We supply an enabling platform to information: Telenor Prez Baksaas
Jon Fredrik Baksaas has been President and CEO of Telenor Group since June 2002, He previously worked as the Deputy CEO, CFO and Executive Vice-president with the overall responsibility for Telenor’s networks and communication services in Norway, one of the World’s most advanced countries in ICT usage. During the Education Summit in Oslo, Telenor presented ways that internet could be usual in the learning process.
The Oslo Times Editor-in-Chief, Hatef Mokhtar caught up with Baksaas for an exclusive interview on how technology could be used as a platform to reach out to millions of children in the developing World.
Thank you Mr Baksaas, for being with us today. Very briefly, could you tell us about the conference and the role Telenor is playing at this conference?
The Oslo Education Summit has been very interesting from the Telenor perspective, because the conference itself focuses the need of bringing education for everyone and Telenor’s ambition is providing internet access to everyone.
We say “internet for all” enabling a platform upon which information and knowledge is available and so is technology. Since the number of users of this technology is rising, we can actually bring education to a lot of people who today are facing difficulties getting into both primary and secondary school. We demonstrated this in the Seminar in these couple of days. I have to say we got good feedback from all the participants.
Since you received good feedback from the participants in the Seminar, who are they?
The organizers here have brought together people working in education sectors at different parts of the World. Telenor is present in many countries in Asia where education is on the map. The ministers are here to speak on improving conditions and stress in broadening the perspective of education. The NGOs are here too in finding out the potential technology have in coming up with the ideas to provide education to all.
We neither supply teachers nor curriculum as it comes from the national authorities. But we supply an enabling platform through which people can connect to information. We have demonstrated this by showing an interactive class session with an online school in Bangladesh, where the teacher was in Dhaka and the pupils were sitting in rural areas where there was scarcity of teachers. That was the idea that we wanted to convey to all.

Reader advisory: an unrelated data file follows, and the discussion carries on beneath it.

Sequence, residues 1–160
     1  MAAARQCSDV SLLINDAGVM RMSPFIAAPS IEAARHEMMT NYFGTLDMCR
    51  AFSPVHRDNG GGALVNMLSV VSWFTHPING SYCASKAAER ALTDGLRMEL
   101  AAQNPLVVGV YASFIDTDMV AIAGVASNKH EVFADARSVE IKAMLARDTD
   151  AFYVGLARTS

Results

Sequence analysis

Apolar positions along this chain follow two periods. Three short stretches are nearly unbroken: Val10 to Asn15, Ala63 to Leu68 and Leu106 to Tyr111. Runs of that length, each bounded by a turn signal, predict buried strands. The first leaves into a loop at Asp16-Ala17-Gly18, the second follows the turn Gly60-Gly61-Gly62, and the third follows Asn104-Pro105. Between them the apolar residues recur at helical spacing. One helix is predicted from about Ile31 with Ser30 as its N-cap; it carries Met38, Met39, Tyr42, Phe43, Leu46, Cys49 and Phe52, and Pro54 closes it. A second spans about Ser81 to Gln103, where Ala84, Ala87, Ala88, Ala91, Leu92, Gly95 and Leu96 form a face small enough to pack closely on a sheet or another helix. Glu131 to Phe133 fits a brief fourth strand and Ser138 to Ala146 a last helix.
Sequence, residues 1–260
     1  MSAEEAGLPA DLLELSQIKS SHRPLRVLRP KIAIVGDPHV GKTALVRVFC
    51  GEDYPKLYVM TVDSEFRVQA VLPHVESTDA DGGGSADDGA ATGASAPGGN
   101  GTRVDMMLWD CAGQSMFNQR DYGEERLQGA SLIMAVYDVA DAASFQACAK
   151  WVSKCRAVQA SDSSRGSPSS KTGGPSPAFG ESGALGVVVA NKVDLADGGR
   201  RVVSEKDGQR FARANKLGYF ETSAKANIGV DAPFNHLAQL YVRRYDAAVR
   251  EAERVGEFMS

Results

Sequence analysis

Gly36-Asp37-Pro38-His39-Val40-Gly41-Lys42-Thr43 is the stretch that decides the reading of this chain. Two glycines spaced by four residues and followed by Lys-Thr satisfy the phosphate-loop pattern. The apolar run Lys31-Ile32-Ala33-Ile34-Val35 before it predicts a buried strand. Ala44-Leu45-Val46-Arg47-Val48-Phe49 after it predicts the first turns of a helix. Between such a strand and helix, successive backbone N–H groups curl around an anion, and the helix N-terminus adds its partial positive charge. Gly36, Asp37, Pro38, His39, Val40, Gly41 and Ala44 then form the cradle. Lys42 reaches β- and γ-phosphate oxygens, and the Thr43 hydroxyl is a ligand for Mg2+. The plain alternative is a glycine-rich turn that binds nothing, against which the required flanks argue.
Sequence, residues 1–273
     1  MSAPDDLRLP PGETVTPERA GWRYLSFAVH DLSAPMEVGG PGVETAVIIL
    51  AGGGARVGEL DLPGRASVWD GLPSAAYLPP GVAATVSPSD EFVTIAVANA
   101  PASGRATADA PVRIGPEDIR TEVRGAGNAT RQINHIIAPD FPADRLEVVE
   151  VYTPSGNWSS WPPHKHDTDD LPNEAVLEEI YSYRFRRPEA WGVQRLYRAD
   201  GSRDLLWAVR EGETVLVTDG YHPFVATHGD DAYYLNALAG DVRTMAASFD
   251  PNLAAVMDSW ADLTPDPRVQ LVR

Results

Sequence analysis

In how many countries are such provisions available till now?
We have this kind of ability in all the areas where we are providing services of this kind and in all our operations. Few years ago in Norway, e-learning was a type of concept before growing into importance in this country. This is now happening in other countries as well, because the connectivity is improving. If more and more people gain access to internet, we will have a platform in the distribution of education.
I would now like to slightly diverge from the topic, there are lots of dictatorial and authoritarian regimes around the World who are using the World-wide-web. And these nations are issuing technology for their own good. Firstly, do you have services in Uzbekistan?
No, this has nothing to do with Telenor. This is VimpelCom, a stock listing company in the US of which Telenor owns 30 per cent. The entry into Uzbekistan back in 2006 is a decision by the VimpelCom board. The general notion is that a high degree of connectivity sheds light into into many aspects of society, positive or negative, which means we need to be aware of the huge possibilities and also take responsibilities for this in the countries where Telenor operates. VimpelCom has to do likewise for them.
I think the big achievement is that Telenor has contributed to build a high level of usage of the mobile platform. From that usage, everyone is getting the opportunity to get on board putting you, me or anyone in the position to do new things. That way, we can roll the concept to education, access to medical information, financial services and create digital participation in the digital colony.
In this regard, there are so many opportunities that can improve people’s lives. We have seen how people’s lives improve when they gain access to information. The network effects in better understanding, wider network, understanding of market mechanisms for your products and services. It all comes from a high degree of connectivity.
What are the biggest challenges in front of you?
There are many challenges but lets be positive, challenges are also opportunities. Authorities’ eagerness to tax our services before we fully penetrate is one challenge. Governments need to strike the balance between taxation and incentives for investments because these are a known term investments that need to be put on the ground, before we get the opportunity to say a country like Pakistan has a full national coverage.
What do Human Rights mean to you?
Human Rights to me means equality to all, gender balance and equal access to opportunities and it earns respect for the individual as well. Human rights is very fundamental to how we operate it is the building blocks upon which the business culture in Telenor is built.
Before we wrap up, is there something else that you would like to share with our global audience?
Just to summarize everything, we want to be known as a customer oriented company that takes care of our customers in the long term and that we are effective and deliver relevant services to our customers in such a way that they receive the full benefit of having access to modern communication services. In some countries we take this for granted, but this necessarily is not the case in most other parts of the World. In Telenor we say “Internet for all” as an expression to bring everyone into this kind of technology.